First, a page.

The next day was promised wet, and Haarlem was as good as its word. We made ourselves comfortable under the awning of a café and sketched the people around us, and discussed various elements of composition. My tea grew cold and undrinkable, but as a teacher of outdoor sketching panic about rain is never far away, and so I would have bought and allowed to grow cold ten glasses of tea for the privilege of a large, comfortable, interesting and dry area to bring my sketchers.
By lunchtime it cleared up and we delighted in sketching the open Saturday market that thronged the square outside the magnificent St. Bavo Church. Once again the theme was to sketch people…
…and the sketchers did exactly that, sketching and weaving their way through flower stalls, Turkish pizza stalls (yum), a shop that sold wooden clogs and tulips, vegetable stalls, stalls covered in huge wheels of cheese, stalls filled with gorgeous sausage, one that was hung with great twisted skeins of smoked garlic…
Day 2 – Afternoon: Using a Limited Palette
In we went to the beautiful church. The largest organ in Europe is there, and Mozart played on it when he was ten years old. The space inside is glorious. Lofty, soaring, splendid. Tasteful. Here’s a contemporaneous painting:
My ladies enjoyed sketching in the church, and one or two channelled this painter to make sketches through arches.
For my part, I had decided to use three colours for the organ: red, indigo and yellow. First I sketched it – not too small so as to lose the detail – but with an A5 sketchbook I couldn’t fit all of it in. I couldn’t see the poor lions’ faces, so they ended up looking a bit like teddies. None the worse for that!
After the church, we were all feeling a little happy with how well we were all getting along, so we took ourselves to an outdoor bar and settled in for some drinks. The early evening sun shone on us, and the warm wind was pleasant. Seeds from a nearby tree floated through shafts of sunlight and were caught in our hair – and on our pages, like the one seed that I didn’t manage to brush away. The beer was delicious. The bitterballen were piping hot and also delicious, deep fried spheres of something, coated in breadcrumbs and dipped in mustard.
“Can you give us any tips for hands?” asked someone.
Sure that I could, I launched in. It turned out I couldn’t. I drew a few sets of hands then feebly told everyone that it was just good observation – but by then they’d moved on, sharing stories, careless of what hands did or didn’t look like.
Day 3 – Morning: Reflections and Foliage – Consolidated
Finally, back to the spot where those teenagers lurked under the bridge to keep dry. The bird on the left is a grebe – a Great Crested Grebe, I believe – and it has caught a roach, according to my husband. (How did he know? I drew that grebe at a later date, after my workshops was done, when I brought my family to Haarlem to show it off, like a kid bringing his mum to his new classroom. Our girl Liv took the photo so fast, when the bird had just started to gulp down its prey, and I drew it from the photo.)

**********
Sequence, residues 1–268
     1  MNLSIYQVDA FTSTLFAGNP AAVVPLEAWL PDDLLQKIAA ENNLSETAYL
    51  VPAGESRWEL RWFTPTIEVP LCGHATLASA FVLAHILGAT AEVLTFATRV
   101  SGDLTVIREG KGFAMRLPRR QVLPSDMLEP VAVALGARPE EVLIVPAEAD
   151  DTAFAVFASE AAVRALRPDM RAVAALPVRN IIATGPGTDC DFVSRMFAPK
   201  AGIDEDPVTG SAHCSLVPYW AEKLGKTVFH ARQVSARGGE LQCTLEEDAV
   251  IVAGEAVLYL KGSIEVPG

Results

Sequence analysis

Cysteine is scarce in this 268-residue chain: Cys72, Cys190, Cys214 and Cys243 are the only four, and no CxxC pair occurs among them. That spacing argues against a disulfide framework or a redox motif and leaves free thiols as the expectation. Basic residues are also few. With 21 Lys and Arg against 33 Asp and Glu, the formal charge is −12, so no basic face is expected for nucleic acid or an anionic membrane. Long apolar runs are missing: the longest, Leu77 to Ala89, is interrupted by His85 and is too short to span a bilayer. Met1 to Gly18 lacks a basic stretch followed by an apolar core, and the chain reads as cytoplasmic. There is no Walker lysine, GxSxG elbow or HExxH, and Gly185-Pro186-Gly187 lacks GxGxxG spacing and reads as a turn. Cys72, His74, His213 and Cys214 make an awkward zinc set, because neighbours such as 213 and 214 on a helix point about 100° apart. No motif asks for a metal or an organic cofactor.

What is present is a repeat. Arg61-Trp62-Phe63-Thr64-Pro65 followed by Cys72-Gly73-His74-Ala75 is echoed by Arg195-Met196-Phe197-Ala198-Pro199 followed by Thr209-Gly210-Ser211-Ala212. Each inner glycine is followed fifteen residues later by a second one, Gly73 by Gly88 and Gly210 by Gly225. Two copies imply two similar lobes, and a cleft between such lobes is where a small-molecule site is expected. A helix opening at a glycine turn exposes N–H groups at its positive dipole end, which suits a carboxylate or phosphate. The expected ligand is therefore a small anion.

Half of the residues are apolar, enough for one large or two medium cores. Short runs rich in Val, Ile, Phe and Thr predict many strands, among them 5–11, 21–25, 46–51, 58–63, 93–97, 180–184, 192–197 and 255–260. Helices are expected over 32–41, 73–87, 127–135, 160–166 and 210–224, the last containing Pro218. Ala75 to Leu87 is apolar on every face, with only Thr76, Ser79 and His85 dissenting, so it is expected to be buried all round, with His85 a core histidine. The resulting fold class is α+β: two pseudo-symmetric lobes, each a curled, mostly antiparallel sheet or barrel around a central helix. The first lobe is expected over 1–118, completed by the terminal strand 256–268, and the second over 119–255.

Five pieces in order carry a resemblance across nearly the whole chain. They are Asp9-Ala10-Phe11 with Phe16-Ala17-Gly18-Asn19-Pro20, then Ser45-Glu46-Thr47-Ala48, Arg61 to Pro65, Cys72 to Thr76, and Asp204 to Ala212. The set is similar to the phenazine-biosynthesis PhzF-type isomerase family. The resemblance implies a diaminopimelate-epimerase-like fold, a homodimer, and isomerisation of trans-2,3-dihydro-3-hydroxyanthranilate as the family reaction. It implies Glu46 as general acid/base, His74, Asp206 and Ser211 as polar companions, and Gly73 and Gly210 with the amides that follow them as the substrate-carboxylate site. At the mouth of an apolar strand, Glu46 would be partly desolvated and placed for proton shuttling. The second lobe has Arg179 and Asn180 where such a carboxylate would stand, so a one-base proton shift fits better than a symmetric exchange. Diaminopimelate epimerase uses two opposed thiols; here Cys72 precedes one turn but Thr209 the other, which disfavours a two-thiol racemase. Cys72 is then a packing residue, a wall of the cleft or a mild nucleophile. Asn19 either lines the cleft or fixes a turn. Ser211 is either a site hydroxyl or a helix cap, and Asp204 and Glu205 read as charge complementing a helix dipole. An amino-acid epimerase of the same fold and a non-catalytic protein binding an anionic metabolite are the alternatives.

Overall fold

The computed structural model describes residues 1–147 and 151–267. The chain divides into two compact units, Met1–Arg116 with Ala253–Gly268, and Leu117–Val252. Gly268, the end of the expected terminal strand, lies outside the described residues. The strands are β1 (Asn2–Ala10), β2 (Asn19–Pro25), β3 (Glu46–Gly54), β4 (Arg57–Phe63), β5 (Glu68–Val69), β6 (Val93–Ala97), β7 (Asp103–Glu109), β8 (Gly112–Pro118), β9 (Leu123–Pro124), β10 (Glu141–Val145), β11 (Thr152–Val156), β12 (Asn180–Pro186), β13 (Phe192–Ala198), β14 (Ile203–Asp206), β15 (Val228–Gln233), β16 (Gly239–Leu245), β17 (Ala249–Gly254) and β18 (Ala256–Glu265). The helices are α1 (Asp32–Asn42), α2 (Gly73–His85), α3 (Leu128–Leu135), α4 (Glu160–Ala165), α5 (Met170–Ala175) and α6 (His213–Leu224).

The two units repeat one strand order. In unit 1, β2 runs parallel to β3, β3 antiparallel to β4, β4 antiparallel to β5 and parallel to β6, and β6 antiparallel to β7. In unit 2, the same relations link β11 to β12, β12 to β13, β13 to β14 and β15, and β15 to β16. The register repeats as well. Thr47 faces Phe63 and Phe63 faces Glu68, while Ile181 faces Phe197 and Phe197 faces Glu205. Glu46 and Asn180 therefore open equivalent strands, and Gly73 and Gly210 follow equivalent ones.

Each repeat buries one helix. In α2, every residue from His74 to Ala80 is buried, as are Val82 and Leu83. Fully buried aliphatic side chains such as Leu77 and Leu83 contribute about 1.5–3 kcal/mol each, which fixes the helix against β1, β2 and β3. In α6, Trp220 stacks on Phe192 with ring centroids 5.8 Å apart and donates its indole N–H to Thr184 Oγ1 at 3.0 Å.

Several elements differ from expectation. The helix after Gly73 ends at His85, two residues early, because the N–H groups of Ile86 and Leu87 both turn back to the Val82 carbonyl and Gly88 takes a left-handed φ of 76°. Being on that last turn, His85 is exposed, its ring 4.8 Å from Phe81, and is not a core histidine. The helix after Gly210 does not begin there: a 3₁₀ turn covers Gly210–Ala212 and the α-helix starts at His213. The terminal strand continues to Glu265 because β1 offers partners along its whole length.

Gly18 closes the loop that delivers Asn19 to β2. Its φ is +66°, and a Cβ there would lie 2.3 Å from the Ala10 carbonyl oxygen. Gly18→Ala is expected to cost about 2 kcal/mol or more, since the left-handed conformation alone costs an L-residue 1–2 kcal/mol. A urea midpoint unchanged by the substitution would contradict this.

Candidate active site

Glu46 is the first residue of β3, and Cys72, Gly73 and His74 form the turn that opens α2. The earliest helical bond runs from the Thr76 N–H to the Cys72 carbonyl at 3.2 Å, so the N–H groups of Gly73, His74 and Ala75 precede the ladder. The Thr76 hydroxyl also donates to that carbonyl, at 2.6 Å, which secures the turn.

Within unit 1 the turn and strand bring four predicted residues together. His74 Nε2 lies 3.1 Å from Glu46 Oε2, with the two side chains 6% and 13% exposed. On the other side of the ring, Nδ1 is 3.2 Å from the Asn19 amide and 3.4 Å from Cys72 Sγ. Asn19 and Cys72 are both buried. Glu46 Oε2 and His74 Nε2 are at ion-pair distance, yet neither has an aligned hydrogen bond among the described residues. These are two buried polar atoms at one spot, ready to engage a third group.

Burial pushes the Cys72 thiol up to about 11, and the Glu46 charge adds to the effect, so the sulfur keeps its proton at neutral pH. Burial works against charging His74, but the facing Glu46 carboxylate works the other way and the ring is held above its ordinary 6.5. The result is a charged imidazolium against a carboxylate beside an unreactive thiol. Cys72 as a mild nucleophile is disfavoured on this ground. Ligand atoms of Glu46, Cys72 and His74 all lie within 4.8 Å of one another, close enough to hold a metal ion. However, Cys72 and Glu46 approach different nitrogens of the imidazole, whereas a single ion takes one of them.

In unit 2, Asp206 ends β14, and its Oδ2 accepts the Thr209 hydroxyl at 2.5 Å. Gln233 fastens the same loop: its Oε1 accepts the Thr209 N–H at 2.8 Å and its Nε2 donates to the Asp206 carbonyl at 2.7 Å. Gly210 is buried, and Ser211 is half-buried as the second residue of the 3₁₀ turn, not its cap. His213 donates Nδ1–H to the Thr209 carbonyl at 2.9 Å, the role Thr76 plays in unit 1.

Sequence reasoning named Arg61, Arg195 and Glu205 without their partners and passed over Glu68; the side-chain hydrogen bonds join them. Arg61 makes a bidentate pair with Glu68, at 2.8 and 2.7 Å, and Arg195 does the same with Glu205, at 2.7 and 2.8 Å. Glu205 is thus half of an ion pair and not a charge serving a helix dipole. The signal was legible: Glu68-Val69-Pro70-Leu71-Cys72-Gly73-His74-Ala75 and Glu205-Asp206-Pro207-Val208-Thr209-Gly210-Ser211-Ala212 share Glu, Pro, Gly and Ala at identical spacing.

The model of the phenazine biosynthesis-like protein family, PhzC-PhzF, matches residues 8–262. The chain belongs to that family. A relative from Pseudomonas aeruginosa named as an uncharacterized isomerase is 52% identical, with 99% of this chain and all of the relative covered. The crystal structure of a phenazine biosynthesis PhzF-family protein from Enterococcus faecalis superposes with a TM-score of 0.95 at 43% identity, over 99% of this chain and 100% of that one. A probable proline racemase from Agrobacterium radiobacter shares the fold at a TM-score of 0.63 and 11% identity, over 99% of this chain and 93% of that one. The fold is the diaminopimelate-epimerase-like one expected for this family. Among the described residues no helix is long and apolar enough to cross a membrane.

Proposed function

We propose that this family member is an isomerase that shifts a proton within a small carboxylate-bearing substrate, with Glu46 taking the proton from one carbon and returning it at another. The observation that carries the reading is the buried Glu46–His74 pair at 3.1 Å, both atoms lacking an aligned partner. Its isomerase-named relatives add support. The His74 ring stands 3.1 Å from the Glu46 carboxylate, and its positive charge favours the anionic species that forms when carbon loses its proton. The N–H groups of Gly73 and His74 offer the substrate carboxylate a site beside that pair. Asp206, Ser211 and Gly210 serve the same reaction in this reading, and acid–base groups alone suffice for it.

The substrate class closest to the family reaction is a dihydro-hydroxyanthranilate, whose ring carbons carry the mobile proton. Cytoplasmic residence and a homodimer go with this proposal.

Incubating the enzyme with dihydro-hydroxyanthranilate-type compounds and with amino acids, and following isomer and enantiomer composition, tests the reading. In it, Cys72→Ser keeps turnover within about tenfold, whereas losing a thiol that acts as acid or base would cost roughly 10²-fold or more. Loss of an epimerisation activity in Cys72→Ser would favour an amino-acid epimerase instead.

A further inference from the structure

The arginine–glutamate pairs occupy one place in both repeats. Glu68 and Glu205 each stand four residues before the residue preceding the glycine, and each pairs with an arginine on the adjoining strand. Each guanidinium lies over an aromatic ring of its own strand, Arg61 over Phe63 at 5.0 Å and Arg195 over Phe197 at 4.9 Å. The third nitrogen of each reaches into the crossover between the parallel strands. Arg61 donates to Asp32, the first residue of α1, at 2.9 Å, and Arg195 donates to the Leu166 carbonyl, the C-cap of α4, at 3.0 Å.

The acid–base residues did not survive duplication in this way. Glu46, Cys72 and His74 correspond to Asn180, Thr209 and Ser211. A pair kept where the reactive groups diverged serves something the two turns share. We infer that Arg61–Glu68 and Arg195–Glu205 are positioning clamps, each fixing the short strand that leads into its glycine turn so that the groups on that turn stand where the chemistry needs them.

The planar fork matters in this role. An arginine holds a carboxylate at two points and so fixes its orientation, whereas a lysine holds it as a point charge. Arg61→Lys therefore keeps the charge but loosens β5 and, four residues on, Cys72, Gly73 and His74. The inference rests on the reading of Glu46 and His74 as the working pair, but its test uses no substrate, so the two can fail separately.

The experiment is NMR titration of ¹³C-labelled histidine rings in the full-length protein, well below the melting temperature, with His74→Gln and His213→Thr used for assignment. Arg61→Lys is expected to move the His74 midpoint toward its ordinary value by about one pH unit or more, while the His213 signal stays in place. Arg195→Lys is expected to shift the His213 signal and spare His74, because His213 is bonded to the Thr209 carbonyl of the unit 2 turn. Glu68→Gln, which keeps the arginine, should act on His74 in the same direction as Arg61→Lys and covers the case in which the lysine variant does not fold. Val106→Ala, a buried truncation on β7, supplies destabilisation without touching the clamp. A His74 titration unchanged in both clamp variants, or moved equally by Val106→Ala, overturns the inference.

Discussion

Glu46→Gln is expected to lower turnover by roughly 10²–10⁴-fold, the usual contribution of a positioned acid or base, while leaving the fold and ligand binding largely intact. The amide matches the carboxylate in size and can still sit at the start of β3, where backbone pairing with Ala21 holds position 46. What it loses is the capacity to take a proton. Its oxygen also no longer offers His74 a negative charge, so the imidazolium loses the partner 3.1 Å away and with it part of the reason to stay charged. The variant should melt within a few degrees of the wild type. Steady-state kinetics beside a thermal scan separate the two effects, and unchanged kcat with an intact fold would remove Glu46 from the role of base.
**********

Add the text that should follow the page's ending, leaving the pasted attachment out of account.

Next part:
As my group and I started to sketch, a wailing could be heard from a bench across the river. A young woman in her early twenties was having a tearful conversation on the phone to someone, and she was just across the canal from us, so it was very audible (not that I knew any Dutch, and our three Dutch students were far too discreet to translate). On and on she wailed and sobbed. I had had a discreet look at her as I’d passed on the way to our spot, because I have a daughter just a bit younger than her. I know better than to interfere, but in my glance I took in a healthy (if thin) body and glossy (if dyed) hair, which told me she was okay. Her miserable conversation went on for what seemed like ages. Eventually she hung up, dried her tear-stained face and resumed her day, looking rather better (if a bit morose), I thought.
Later we walked up the river a little and sketched the famous bridge. It was “up” when we arrived, and stayed that way for twenty minutes, to allow tall and masted craft to pass underneath. Apparently “the bridge was up” is a cast-iron and unquestioned excuse for being late in the Netherlands.
Day 3 – Afternoon: Direct Painting
After lunch we sketched the Molen de Adriaan, one of Haarlem’s most famous sights. Windmills always get the better of me, so I sketched it in watercolour first, line afterwards, as did my ladies. They all made a great job of it and went away happy.
Afterwards we met up with Urban Sketchers Haarlem and made a group photo. Anne Rose had invited anyone who had arrived a few days early for the Symposium to come to Haarlem for the day and we were delighted to say hello to them. By the time the photo was taken I had lost a few sketchers to early flights and work commitments…but a few of us were still standing!
Well, a drink was called for after three days’ intense sketching, and whoever was left of our group repaired to a café-bar thing and had a round of aperol spritzes. Mmmm. Refreshing. After that the girls wanted to find some dinner and I felt like I needed to…do some sketching, and so I settled down to sketch another statue in Groote Markt, albeit somewhat tipsy by now.
This chap invented the printing press at the same time as Gotenburg (who cares who was first? They’re both great). He made a great subject, all coppery and green. I wanted to show how I mixed those colours, but we ran out of time. Drawing statues is a good halfway house for drawing people – they don’t move.
I was sad to leave Haarlem for Amsterdam the next day, and spent the following morning sketching here and there, before I left. I found these crests on the wall of Sint Bavo Kerk and sat in the café in the church (yes, right in the middle of the church) and was very happy to be there.
Goodbye Haarlem – I will be back.
And to my lovely ladies – you are just that, so lovely. I look forward to sketching with you again soon.